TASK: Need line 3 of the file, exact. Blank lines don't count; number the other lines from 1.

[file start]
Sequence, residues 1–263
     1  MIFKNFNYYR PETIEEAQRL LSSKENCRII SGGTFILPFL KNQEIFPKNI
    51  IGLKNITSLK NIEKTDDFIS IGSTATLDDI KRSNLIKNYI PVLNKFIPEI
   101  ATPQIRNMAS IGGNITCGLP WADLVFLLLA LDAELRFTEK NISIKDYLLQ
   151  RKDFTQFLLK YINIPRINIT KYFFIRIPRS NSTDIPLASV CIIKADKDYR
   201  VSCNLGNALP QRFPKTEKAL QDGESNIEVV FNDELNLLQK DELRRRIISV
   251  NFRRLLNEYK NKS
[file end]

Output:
    51  IGLKNITSLK NIEKTDDFIS IGSTATLDDI KRSNLIKNYI PVLNKFIPEI